I've tried counting them, but can't quite get past the tails that are tangled together. This was just one rock covered with marine iguanas, this is on Fernandina Island, the newest island of the Galapagos. I think I heard the number 300,000 marine iguanas on the islands, I can believe that! On this island we found very rugged terrain, sharp volcanic rock covered with algae, which makes for very treacherous footing! I fell on my first step onto this island. Others in the group hit the lava more than once, just like I did. But it was totally worth the trip, because we saw sooooo many things here.

We saw, marine iguanas, Sally Lightfoot crabs, flightless cormorants, Galapagos hawk, yellow warbler, sea lion pups playing, sea turtles, frigate birds, so many other things I can't even remember. Awesome!

Where in the World......?

....has Sew What? been? I've been very far away!
At the Blow Hole rock formation on Espanola Island, Galapagos, Ecuador April 5-15, 2010.

I've crossed the equator at least 6 times since I last reported. Yes, I've been in South America, Ecuador to be exact, and from Quito, Ecuador, my brother and I went to the Galapagos Islands.

This was a trip that was many months in the planning. We first decided to go on the trip in April, 2009, paid our money to secure the room on the cruise ship in May, and have been slowly getting ready for our big adventure.

Since this was a first big international trip for both of us (not counting a trip to British Columbia about 11 years ago, and crossing the border to go to Tijuana once), we were both a little apprehensive. My misgivings were these: Would we get along in a Spanish speaking country without much usuable Spanish? Would the airplane actually get us to our destination without too much trouble? What about customs? What about passports? What about money? And would I be able to actually tour the islands because I'm old and somewhat out of shape?

So starting with the first question: Spanish--in Ecuador, there are many English speaking people. Since most of our interactions with local folks invovled the exchange of money, and they use American dollars in Ecuador, we somehow spoke the common language of American Dollars, so all retail transactions were rather easily accomplished. Lots of smiles, pointing, cuando???, holding up fingers to indicate how many dollars, and showing $20 bills got me what I wanted! Quito is a shopper's paradise, on one street, there was the entire street full of fabric vendors, cashmere, alpaca, bolts stacked to the ceilings, $3-$5 per yard! And I wasn't able to shop because we were on a tour with a time deadline! I swear I'm going back some day with two empty suitcases, and going to reap a bonanza of treasures to take home. I did OK as it was with the shawls, shirts, blouses, purses, leather goods, and carvings we found at an open-air market. I did so well, I had to buy a big bag--duffel bag size--to carry my treasures home. That extra 2" expansion on the new suitcase wasn't going to cut it! Anyway, the new suitcase left room for more treasures, once we got to the Galapagos. And I have nice cool souvenir from Ecuador.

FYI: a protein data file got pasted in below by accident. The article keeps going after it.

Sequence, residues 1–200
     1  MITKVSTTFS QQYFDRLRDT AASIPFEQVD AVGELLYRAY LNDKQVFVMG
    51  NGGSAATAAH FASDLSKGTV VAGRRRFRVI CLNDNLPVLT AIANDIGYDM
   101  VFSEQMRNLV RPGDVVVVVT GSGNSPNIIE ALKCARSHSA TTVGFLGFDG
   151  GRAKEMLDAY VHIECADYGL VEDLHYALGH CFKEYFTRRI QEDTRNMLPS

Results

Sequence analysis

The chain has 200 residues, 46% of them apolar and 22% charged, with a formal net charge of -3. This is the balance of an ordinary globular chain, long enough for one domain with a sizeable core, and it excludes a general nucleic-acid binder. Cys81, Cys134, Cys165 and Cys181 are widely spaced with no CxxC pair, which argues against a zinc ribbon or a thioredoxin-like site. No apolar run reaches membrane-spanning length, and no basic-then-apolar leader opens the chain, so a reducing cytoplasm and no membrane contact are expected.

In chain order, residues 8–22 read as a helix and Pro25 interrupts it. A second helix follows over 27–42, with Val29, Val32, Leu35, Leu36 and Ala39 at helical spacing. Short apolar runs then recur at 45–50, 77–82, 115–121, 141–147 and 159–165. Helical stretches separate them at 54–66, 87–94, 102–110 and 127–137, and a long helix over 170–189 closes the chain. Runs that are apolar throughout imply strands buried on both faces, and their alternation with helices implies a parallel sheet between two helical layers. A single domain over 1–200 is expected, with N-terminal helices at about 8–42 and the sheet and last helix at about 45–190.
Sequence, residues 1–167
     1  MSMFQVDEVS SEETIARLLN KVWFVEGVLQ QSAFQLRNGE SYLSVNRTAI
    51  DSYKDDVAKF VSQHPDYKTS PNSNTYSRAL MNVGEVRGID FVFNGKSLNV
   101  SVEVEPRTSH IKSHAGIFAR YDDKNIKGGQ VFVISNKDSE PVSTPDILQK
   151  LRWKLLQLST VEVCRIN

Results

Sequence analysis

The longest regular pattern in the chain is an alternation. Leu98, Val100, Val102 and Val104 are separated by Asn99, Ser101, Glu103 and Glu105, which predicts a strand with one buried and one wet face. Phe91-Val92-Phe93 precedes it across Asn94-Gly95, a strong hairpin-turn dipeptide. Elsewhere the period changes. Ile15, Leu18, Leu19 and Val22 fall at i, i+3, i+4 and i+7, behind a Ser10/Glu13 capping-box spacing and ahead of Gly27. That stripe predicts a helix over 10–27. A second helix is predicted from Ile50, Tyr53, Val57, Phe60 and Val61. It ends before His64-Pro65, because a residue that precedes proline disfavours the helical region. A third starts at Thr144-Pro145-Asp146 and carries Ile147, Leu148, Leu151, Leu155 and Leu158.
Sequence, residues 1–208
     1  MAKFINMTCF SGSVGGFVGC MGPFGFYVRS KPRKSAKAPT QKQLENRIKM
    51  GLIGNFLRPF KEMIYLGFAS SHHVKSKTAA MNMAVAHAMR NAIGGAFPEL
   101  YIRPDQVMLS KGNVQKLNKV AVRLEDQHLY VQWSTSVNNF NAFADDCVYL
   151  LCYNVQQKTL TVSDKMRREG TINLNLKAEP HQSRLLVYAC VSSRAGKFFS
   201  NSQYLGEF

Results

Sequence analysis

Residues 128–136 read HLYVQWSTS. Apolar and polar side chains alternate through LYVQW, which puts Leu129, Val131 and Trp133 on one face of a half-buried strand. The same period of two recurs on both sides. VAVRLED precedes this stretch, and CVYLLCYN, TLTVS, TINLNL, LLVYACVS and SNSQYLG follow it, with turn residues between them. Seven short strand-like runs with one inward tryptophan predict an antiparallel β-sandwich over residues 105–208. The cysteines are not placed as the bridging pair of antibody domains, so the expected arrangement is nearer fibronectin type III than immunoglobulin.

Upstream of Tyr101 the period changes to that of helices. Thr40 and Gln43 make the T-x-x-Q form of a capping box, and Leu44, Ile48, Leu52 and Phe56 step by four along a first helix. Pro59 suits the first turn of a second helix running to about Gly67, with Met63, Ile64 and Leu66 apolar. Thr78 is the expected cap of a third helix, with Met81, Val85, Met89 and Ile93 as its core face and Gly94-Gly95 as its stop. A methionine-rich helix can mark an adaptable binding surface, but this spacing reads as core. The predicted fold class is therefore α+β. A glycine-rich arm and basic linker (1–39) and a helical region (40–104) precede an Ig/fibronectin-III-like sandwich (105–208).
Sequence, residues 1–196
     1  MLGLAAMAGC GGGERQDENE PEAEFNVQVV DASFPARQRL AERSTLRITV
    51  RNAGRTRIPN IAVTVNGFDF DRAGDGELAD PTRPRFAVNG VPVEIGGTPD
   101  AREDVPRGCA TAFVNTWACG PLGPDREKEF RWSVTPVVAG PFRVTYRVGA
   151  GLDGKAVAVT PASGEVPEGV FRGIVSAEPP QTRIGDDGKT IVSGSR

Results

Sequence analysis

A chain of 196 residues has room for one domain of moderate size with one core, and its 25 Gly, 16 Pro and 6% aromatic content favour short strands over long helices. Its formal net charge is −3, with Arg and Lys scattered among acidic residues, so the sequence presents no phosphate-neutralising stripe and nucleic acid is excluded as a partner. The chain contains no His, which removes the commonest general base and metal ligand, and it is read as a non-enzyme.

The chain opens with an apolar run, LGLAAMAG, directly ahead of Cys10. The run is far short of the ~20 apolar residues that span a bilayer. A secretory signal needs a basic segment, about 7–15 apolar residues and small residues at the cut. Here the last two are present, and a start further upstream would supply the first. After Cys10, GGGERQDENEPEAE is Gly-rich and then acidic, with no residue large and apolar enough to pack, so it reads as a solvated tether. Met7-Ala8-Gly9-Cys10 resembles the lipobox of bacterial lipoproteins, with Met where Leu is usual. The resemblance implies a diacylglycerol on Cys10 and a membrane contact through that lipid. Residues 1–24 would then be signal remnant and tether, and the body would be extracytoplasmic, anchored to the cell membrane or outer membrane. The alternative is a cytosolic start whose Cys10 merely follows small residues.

Second question--about the airplane (I really hate flying): There was a potential disaster on the horizon when in Miami, they declared our airplane as unable to fly to Medellin, Colombia, as the reverse thrusters didn't work, and we would fly off the end of the runway if we tried landing in that plane. Glad they found out about that before we took off. But lucky for us, another plane was just sitting around ready to take its place, and we were only delayed by an hour, which they made up by fast flying. When we got to Medallin, we had to pick up our suitcases, go through customs, pick up our boarding pass, go through customs again and get on our airplane. Now, when we had gotten off the first plane, the second plane was parked right next to it, but it was a long journey of running up and down stairs to get on the next flight. Some very friendly Colombians at the airport kindly helped us, carried our suitcases up the steps for us, and helped us to negotiate all of this. So that part of the worry turned out OK.

Customs was not fun, but not terrible either. The longest wait and most frustrating customs experience was in Atlanta when we got back to the U.S. at 5 a.m and 300 people were waiting to go through customs. Then we had to get our suitcases, take them 50 feet to another place to check them in, and finally we were on our way home for the last leg of the journey. Oh, and to leave Ecuador, you have to pay $28.27, exact change desired--an airport tax, just to make sure you went home with very little cash left! Crazy!

Passports were not a problem, we have lots of stamps now. Money, no problem, except that I left quite a bit of it in Ecuador!

The physical aspects of the trip were challenging. We walked at least 2-3 hours every day, some days on some very rugged terrain. But it was definitely worth it, because we saw some of the most amazing sights you can imagine. I will post some of the most spectacular of my pictures in subsequent posts. The trade off was that we got to swim/snorkel at least once a day, and one day we got two opportunities to snorkel. We saw so much wildlife, it is hard to explain how much there was to see. The word UBIQUITOUS is the best adjective I can give for the amount of iguanas, crabs, birds, fish, penquins, sea lions, turtles. There is so much to see in Galapagos. It truly was a trip of a lifetime, and I'm glad I got to go on this adventure while I was still physically able to do it.

And, I'd go back in a minute!